But on to more important stuff.  On Sunday, we met up in the Zona Colonial of Santo Domingo – traditional plazas (great people watching, could do without the pigeons though), old buildings, expensive restaurants, cobblestone streets, tourists, and over-priced trinkets.  We gathered at Plaza Colon, which spreads in front of the oldest church in the Americas (construction started in 1512), to meet Lynne Guitar for a tour.

Plaza Colón and the Catedral de Santa María la Menor (construction started in 1512)

Plaza Colón and the Catedral de Santa María la Menor

Lynne has lived in the Dominican Republic for 17 years, and is currently the Resident Director of the Study Center for CIEE (www.ciee.org) in the city of Santiago.  Additionally, she has been studying the indigenous Taíno Indians since she first came to the country, and is now preparing an exhibit about their history and culture for the Smithsonian Museum!  She also told us that she now only gives tours to Peace Corps Volunteers, which made us feel pretty special 🙂  She led us down various streets to impressively historic sites, sharing her wealth of knowledge and story-telling skills, all while carrying her dog Coby over her shoulder.  Pretty neat lady.

What else has happened…Got two more vaccines…Played Scrabble in Spanish class today…Had a whole hour and half lecture on malaria, dengue, and diarrhea…Oh!  We got phones!  Each PCV/T gets a phone with a basic network plan.  We get something like 150 minutes and 75 texts per month, free of charge.  There is service throughout the majority of the country, and it will be a great way to keep in touch with fellow volunteers, especially if we don’t have reliable access to the Internet.

hangin' out with some gargoyles

hangin’ out with some gargoyles

Today we took guaguas to the Caribe Tours bus station, which is where we’ll leave from to get to the sites of our volunteer visit.  As I mentioned in another post, each trainee goes to visit a volunteer currently working in his/her sector, Thursday-Sunday.  I’ll be going to visit a PCV in the northwest region of Dajabón.  Aside from the fact that it should be about a five hour bus ride, I don’t really know what to expect – I’ll make sure to fill you in when I get back.  She did tell me to bring a bathing suit though, so hopefully we go swimming!

Si dios quiere…


new page!

15 Mar

I’ve created a new page (“Dominicanismos” – located at the top right of my blog) to share various aspects of the Dominican culture with you.  I plan to update this as I go…hope you like learning about my new home!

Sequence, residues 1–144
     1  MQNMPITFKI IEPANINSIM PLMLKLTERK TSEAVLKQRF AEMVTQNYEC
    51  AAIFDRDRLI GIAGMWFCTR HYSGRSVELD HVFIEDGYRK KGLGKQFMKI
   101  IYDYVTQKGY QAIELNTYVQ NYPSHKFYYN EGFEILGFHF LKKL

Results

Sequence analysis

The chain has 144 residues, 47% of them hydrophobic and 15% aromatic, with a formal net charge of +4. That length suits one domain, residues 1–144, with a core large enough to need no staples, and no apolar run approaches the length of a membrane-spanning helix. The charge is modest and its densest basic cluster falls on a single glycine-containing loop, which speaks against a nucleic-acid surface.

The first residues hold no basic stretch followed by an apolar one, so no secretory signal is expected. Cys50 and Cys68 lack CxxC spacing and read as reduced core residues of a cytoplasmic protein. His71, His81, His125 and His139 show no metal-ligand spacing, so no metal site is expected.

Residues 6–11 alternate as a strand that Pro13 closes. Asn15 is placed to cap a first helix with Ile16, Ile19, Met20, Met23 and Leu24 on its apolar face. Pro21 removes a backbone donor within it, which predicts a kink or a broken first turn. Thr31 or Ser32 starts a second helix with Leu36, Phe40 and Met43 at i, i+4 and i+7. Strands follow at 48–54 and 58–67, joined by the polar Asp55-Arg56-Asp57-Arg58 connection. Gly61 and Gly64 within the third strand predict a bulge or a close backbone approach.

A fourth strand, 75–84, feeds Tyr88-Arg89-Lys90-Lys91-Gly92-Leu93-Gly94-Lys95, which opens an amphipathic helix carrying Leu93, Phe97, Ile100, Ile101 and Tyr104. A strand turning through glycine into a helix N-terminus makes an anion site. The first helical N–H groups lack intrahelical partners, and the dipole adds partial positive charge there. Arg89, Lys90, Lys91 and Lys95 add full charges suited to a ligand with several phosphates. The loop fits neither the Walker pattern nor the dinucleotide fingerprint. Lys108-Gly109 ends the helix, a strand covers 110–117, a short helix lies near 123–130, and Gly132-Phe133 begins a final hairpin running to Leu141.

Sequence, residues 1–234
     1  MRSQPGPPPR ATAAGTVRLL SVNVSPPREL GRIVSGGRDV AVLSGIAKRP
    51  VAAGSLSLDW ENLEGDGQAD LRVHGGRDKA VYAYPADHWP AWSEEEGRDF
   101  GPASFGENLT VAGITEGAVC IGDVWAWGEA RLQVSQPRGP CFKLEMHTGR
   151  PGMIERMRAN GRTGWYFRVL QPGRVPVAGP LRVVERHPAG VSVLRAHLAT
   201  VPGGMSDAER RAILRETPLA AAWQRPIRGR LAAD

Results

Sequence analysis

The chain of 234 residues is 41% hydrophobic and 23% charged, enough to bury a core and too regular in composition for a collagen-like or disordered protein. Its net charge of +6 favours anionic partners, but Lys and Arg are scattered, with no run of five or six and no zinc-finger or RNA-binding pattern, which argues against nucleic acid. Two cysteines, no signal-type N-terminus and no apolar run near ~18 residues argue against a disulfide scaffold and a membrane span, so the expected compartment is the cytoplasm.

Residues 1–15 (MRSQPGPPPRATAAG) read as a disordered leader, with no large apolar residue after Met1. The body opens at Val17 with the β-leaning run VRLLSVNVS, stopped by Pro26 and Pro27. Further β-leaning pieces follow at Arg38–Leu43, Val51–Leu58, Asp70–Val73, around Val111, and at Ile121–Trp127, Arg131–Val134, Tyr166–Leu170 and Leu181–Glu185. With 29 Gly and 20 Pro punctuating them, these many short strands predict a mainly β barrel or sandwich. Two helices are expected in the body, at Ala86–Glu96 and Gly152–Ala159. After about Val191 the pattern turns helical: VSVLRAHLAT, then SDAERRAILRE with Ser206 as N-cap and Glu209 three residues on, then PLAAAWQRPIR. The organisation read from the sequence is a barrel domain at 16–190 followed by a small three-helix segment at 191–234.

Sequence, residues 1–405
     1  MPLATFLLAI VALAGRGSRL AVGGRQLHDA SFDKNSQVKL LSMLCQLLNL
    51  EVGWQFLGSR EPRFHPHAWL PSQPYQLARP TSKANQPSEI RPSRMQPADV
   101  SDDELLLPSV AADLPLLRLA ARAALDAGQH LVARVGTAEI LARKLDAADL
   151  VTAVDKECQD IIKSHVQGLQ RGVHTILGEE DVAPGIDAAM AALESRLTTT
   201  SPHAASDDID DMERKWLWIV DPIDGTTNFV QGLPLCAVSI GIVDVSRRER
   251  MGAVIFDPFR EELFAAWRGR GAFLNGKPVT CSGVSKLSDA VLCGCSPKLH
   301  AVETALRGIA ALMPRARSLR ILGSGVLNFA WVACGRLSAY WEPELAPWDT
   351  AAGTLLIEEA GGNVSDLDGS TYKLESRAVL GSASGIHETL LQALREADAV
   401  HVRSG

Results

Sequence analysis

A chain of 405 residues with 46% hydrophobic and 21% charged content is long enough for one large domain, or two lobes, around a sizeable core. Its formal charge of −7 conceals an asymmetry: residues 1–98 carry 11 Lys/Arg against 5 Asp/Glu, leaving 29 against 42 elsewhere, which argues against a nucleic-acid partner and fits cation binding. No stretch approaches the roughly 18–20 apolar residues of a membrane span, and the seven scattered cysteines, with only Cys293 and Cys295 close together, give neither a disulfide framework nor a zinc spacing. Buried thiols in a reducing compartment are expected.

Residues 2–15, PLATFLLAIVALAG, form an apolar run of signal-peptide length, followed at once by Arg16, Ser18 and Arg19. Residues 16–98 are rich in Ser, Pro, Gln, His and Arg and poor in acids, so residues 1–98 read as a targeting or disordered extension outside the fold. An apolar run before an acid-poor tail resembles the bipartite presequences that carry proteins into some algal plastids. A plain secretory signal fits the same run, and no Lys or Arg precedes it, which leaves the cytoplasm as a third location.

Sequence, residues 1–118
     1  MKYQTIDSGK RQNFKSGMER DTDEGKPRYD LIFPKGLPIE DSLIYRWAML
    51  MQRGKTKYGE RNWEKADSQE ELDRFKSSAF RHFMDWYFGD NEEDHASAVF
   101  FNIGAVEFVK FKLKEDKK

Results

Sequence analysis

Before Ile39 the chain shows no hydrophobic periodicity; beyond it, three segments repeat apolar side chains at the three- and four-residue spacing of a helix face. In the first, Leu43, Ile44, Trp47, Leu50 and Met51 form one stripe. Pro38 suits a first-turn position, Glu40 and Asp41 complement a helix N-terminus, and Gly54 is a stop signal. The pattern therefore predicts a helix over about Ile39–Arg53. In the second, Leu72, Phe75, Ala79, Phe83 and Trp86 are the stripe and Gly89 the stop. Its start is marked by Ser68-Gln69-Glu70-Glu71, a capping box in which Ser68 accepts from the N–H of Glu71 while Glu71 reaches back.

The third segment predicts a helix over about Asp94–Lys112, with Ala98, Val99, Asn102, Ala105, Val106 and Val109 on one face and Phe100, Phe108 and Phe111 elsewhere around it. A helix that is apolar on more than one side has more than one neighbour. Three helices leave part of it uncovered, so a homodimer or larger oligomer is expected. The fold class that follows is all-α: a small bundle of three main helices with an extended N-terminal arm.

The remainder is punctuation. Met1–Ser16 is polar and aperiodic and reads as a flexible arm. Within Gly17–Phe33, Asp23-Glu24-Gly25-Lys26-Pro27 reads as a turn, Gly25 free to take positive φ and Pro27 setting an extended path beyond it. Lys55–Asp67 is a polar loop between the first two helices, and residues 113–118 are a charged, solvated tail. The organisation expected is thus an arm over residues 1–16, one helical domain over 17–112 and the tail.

feliz cumpleaños a mi!

13 Mar

So today I turned 23. Sure, I’m still one of the youngest people in our group, but it’s no ‘milestone’ age. It’s not the first birthday that I’ve celebrated without my family, not even my first birthday out of the country (I turned 20 in Argentina), but nevertheless it’s been quite a special day. Here are some highlights…

  • My host mom greeted me this morning with a huge hug and a felicidades, then served me the biggest bowl of fresh papaya, mango, and pineapple yet
  • As soon as I walked into the training center, all of the other trainees that had already arrived sung me happy birthday! Literally, as soon as I walked in the door – so surprised that people I’m still just getting to know remembered!
  • I got my second Rabies vaccine, and took my chalky, makes-you-have-the-most-vivid-dreams-ever Malaria medicine (happy malaria miércoles!)…not the best part of the day, but figured I’d add it to the highlights considering this is my first birthday to have done either
  • For the first time, we split into our sector groups – community economic development (CED, my sector) and eduction. The 13 of us were officially introduced to our training staff; we talked about the basic logistics and objectives of our community based training (CBT) that takes place in a couple weeks. During CBT we’ll be living in the region of Monte Plata, known for its agriculture, primarily cacao; it’s also where fair trade and organic products really took off in the DR. One of the staff brought us cacao rolled in sugar and a cacao marmalade (YUMMM), both made by a women’s cooperative we’ll have the opportunity to work with. We also received the details regarding our visits to a community of a current Peace Corps Volunteer (PCV). I’ve been assigned to visit a girl currently in CED who’s living in the northwest region of Dabajon – more on this to come.